Posts Tagged With: UPenn

On Experiential Learning

Last week I wrote Greg Mankiw and Tyler Cowen, two professors and economics bloggers. I wrote the following:
My name is Kevin Burke and I'm a freshman at the University of Pennsylvania, about to start Econ 001. I know it's important to get an academic background in economics, but I think some of the best learning I've done in most fields has come outside of the classroom. I was wondering if you could tell me about some of the key moments in your intellectual development as an economist, and where these moments took place. My goal here is to figure out how I can supplement my Econ education with real-world schooling. Thanks for reading this.
Because honestly, how often do you learn something because someone just tells it to you? Most people need to see examples, or get out and learn something for themselves (as in, don't touch the stove while it's on, don't touch the stove while it's on, okay, you touched the stove, and you got burned). I got responses in the form of two excellent blog posts. It was really cool to have them write back, and they wrote really useful advice. If you're considering economics, I would recommend you take a look at their lists. I was going to take a year off before school to get some practical experience in the field, and then I got accepted off the waitlist at Penn. I might still end up taking a year off sometime. Life, as some people need reminding, is not a race. And there's no proof that a college education is the best education I can get at this point in my life. There may be more enjoyable (and cheaper) exploits elsewhere.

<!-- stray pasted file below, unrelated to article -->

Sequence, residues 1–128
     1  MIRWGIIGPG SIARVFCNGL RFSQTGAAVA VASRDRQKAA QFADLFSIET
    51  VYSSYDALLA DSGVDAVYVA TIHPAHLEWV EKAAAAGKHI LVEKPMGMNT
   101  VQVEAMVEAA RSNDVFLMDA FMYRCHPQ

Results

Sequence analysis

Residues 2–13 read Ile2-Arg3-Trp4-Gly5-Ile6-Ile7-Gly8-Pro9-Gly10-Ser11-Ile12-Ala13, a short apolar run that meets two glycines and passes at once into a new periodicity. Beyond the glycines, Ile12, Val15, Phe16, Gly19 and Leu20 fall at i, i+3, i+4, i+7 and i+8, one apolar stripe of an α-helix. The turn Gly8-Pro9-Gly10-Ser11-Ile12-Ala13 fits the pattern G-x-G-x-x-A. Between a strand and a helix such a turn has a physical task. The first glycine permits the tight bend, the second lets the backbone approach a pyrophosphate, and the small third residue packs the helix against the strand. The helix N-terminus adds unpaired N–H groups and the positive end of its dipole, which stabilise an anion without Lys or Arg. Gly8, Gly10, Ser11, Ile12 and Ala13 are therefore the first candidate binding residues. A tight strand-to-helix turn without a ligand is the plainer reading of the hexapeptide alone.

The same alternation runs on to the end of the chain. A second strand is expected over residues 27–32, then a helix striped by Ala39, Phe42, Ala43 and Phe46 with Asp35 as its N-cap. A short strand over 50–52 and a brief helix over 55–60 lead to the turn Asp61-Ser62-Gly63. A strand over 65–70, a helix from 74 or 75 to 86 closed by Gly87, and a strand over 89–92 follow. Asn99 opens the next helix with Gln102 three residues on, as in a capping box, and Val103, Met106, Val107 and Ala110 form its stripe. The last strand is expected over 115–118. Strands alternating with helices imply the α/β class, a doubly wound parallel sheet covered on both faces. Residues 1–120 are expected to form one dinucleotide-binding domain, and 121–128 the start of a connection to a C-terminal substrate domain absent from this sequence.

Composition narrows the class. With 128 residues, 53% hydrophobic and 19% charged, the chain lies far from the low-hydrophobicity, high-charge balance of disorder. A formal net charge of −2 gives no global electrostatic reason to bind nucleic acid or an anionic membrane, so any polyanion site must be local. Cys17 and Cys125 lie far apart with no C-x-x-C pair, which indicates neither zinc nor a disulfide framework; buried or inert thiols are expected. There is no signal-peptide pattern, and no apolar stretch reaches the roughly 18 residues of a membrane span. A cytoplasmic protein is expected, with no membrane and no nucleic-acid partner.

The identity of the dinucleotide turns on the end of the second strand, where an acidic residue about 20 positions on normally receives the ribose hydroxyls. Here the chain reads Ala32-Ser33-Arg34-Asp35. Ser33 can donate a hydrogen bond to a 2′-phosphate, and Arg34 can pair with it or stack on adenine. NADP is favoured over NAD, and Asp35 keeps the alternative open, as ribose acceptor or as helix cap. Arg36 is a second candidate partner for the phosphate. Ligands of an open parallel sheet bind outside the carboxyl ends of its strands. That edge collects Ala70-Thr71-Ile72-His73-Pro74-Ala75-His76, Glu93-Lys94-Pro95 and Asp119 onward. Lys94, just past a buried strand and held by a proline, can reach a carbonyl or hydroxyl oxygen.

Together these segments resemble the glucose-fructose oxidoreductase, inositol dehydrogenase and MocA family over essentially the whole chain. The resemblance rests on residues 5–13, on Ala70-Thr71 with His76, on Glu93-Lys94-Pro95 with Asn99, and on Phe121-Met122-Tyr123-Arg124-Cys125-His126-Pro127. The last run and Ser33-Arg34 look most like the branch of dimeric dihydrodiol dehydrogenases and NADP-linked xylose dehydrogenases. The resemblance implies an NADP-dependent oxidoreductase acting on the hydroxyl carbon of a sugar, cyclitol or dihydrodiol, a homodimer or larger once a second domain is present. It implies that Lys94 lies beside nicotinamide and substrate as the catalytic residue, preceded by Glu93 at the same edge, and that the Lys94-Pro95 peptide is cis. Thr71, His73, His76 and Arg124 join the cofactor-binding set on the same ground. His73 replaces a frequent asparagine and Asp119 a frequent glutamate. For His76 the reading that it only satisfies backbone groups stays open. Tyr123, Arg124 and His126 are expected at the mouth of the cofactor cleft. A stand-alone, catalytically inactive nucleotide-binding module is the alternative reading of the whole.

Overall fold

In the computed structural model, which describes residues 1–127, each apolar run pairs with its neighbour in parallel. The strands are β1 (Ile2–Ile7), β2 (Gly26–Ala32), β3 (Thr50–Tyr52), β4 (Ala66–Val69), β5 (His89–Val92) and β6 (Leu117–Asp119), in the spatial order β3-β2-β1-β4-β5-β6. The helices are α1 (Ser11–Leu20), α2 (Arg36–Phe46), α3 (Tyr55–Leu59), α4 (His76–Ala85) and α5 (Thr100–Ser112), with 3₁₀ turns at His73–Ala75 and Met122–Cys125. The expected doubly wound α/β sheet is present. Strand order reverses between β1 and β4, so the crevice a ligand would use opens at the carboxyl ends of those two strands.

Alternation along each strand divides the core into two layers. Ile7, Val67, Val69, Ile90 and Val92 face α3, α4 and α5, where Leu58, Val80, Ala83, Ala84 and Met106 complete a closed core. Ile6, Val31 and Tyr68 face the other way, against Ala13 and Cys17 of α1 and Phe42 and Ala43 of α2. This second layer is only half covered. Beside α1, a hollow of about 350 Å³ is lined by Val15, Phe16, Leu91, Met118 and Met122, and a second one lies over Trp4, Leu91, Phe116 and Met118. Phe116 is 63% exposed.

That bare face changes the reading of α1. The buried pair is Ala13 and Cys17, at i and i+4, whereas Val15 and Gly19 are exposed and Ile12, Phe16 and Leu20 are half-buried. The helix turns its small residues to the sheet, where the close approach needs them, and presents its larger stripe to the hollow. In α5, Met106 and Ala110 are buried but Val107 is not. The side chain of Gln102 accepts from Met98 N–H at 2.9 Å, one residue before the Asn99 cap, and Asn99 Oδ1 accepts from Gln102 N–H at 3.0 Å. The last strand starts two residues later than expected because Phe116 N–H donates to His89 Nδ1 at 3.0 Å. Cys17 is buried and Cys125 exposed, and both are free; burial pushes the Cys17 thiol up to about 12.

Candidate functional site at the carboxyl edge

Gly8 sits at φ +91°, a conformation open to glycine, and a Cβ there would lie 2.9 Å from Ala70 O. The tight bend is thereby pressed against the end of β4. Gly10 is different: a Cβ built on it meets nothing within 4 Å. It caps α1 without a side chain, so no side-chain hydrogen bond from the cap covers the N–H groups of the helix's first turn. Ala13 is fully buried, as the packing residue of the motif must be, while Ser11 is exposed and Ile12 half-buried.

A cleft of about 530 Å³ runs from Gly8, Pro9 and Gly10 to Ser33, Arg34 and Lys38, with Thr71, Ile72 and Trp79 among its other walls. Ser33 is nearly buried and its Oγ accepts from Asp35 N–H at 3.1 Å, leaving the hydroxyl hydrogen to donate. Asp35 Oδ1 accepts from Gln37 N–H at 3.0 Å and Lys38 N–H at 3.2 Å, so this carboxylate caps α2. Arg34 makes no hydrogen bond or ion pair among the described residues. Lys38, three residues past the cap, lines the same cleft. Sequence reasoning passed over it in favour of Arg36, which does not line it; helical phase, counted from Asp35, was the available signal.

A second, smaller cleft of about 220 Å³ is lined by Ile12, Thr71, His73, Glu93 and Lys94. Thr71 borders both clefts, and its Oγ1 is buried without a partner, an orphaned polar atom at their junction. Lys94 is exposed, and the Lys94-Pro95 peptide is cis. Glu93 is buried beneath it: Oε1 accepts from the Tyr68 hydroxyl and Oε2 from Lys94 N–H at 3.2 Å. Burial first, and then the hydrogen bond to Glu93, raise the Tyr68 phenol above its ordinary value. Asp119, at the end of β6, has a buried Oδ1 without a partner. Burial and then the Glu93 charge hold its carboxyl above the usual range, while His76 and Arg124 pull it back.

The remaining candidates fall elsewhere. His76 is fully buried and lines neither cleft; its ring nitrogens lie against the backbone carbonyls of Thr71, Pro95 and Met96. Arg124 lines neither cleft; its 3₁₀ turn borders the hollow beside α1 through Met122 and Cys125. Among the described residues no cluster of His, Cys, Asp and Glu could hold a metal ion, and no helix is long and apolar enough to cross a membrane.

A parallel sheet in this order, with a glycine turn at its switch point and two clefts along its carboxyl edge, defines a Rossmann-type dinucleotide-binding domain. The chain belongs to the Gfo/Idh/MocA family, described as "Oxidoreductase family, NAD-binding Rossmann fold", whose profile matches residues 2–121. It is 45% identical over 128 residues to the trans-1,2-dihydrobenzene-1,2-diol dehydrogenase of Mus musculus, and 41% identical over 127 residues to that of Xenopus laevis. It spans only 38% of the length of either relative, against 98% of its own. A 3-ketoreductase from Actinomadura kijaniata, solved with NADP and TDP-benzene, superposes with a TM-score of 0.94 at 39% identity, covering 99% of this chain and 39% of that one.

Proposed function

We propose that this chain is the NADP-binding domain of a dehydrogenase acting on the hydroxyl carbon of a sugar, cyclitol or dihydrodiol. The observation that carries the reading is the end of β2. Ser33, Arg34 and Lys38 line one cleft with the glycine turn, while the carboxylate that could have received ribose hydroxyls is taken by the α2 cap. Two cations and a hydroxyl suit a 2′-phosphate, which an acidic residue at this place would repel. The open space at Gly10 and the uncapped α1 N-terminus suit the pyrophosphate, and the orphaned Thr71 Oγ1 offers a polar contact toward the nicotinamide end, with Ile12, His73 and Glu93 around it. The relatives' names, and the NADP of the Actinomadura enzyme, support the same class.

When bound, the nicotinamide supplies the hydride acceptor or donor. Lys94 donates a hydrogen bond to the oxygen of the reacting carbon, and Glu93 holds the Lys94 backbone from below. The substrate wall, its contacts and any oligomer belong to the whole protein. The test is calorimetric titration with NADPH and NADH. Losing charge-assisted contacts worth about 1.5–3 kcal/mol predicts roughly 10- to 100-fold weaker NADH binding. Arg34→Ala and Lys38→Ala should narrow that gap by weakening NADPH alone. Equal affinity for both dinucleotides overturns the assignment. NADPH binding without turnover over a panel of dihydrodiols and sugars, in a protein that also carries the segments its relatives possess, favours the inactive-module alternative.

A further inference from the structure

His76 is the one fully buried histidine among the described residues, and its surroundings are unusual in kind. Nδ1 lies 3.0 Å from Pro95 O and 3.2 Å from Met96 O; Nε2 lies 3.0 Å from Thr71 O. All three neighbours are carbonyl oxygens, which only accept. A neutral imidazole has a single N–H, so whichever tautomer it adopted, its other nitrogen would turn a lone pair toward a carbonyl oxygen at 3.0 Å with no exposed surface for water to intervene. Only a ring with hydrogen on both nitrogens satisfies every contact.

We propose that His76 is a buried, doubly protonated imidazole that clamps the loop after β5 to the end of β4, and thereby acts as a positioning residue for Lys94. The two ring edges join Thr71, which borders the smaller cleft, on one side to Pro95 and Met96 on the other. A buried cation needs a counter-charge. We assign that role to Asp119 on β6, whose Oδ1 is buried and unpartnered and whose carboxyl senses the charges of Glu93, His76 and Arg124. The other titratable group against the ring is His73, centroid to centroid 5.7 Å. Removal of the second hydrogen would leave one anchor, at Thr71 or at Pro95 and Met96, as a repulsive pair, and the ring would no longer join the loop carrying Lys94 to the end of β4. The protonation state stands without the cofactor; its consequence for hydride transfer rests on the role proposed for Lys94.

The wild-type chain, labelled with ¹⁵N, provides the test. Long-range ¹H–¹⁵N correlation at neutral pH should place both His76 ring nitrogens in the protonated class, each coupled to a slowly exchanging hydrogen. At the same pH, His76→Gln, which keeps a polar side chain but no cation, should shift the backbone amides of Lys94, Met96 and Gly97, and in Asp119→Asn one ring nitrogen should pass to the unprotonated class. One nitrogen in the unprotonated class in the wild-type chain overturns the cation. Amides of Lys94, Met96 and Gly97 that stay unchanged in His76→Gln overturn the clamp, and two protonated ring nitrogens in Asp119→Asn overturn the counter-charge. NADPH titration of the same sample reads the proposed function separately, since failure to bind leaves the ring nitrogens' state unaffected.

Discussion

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Penn ‘Slips’ to #7 in US News Rankings

The 2007 US News & World Report Rankings are out, and Penn has fallen from #4 to #7 in rankings. US News ranks colleges on the following criteria: Peer assessment score, freshman retention rate, performance vs. expected graduation rate, % full-time faculty on payroll, student SAT scores, admit rate, alumni giving rank, student-faculty ratio, and freshmen in the top 10% of high-school class. In essence, the criteria for ranking colleges are how succes-driven the students are, how many students apply, and how good those students are. Unfortunately, these rankings are popular for the same reason that colleges use SAT scores - they provide a criteria for comparing two things, no matter how skewed, and the people/colleges that score highly are too proud and happy that they don't want to criticize it. All of these criteria are only secondary ways to measure how good of an education School X is offering. The criteria for evaluating schools must be the education the school is able to impart to the student, not a measure of the students, because some schools attract more gifted students than others. Better, more direct criteria would include student evaluations of teacher quality, student evaluations of their academic experience, peer college evaluations of teacher quality, (for engineering schools) ability to do research, average class size or % classes above 50 (the one criteria I would keep from the above), the success of students at getting into graduate level programs, number of Fulbright/Rhodes scholars produced compared to schools with similar admit rates, and perhaps the average starting salary of graduates, divided by field. I would also under no circumstances rank engineering schools alongside liberal arts schools, because there's no way you can quantify that going to MIT gives you a 'better' education than going to Amherst - those schools that will instruct you in entirely different fields. In my opinion, Penn falling is great news. I think that anyone who chooses colleges based on a ranking system as skewed as this one has not done an adequate amount of homework about the colleges they apply to. I wish Penn would choose, like Reed College, to stop sending information to US News & World Report, and liberate themselves from the frivolous pressure of a faulty ranking system. Ben Franklin wouldn't have stood for it, and neither do I.

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